Charlie Cole, photographer behind iconic Tiananmen Square image, passes away at 64 in Indonesia's Bali

Charlie Cole won the 1990 World Press Photo award for his picture of a man in a white shirt, carrying a shopping bag in each hand, striding out into the road the day after troops killed hundreds of pro-democracy protesters in the heart of Beijing

Agence France-Presse September 14, 2019 17:27:05 IST
Charlie Cole, photographer behind iconic Tiananmen Square image, passes away at 64 in Indonesia's Bali
  • The photographer who snapped the defining image of China's Tiananmen Square crackdown, has died in Indonesia, according to officials of the United States (US)

  • American authorities confirmed the death of 64-year-old Charlie Cole in Bali, where the Texan had been a long-time resident

  • 'Tank Man' has become one of the defining images of the 20th century, but the image remains largely unrecognised in China due to censorship

Jakarta: The photographer who snapped the defining image of China's Tiananmen Square crackdown — a solitary man defiantly blocking the path of a column of tanks —  has died in Indonesia, according to officials of the United States (US).

Charlie Cole photographer behind iconic Tiananmen Square image passes away at 64 in Indonesias Bali

A Beijing citizen stands in front of a convoy of tanks on the Avenue of Eternal peace in Tiananmen Square in 1989. File image. Reuters/Stringer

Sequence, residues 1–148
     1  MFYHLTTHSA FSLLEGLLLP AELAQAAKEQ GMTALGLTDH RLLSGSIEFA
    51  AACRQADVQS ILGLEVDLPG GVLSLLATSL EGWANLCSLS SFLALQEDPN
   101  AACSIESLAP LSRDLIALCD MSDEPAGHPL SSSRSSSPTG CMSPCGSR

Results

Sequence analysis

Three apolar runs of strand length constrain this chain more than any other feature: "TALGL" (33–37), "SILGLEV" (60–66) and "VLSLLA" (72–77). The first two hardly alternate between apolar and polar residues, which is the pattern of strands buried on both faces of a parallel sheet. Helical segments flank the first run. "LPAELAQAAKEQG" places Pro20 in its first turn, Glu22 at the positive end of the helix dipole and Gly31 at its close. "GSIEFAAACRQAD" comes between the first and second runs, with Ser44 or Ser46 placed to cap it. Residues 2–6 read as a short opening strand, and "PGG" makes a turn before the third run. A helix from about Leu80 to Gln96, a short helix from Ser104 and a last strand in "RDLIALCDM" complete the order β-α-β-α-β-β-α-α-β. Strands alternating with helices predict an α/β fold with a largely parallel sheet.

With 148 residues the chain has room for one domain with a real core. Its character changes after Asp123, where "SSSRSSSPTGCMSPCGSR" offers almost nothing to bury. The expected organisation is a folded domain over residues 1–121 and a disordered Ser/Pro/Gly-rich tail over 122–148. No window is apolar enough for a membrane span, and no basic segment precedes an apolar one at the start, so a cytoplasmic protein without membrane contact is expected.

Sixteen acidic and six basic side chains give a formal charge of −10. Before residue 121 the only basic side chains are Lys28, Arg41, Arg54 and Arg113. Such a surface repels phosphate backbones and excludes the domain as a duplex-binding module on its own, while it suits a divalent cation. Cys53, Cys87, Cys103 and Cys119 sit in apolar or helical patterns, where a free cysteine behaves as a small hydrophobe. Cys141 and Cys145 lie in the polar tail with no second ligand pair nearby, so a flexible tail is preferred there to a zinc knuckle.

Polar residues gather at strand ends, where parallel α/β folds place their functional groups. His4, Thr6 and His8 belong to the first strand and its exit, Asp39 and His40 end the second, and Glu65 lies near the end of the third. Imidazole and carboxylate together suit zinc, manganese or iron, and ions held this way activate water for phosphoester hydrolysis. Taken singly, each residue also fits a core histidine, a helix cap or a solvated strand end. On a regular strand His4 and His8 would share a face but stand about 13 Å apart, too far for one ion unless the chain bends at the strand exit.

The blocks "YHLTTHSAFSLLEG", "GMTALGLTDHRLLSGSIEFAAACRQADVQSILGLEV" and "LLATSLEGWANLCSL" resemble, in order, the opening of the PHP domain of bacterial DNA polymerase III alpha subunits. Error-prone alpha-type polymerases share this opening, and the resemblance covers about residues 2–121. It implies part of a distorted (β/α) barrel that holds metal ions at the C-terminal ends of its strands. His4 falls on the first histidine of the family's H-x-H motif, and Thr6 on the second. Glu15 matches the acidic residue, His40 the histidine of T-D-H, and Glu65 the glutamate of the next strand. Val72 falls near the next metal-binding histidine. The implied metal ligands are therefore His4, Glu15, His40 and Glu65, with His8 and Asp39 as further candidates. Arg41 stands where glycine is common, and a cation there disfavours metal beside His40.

American authorities confirmed the death of 64-year-old Charlie Cole in Bali, where the Texan had been a long-time resident.

"We offer our sincerest condolences to the family on their loss," a state department official told AFP.

Cole won the 1990 World Press Photo award for his picture of a man in a white shirt, carrying a shopping bag in each hand, striding out into the road the day after troops killed hundreds of pro-democracy protesters in the heart of Beijing.

The man, whose identity remains unknown, stopped in front of a column of tanks and armoured vehicles stretching far down the road, later climbing onto the vehicle to engage in a conversation with one of the tank crew as gunshots crackled in the air.

"Tank Man" has become one of the defining images of the 20th century, but the image remains largely unrecognised in China due to censorship of the image and the wider crackdown.

His mystique has been reinforced by his subsequent disappearance, probably at the hands of Chinese security forces.

Several photographers captured Tank Man's lone figure on film that day. A picture of the scene by Jeff Widener of the Associated Press, snapped from the balcony of the Beijing Hotel, was nominated for a Pulitzer Prize.

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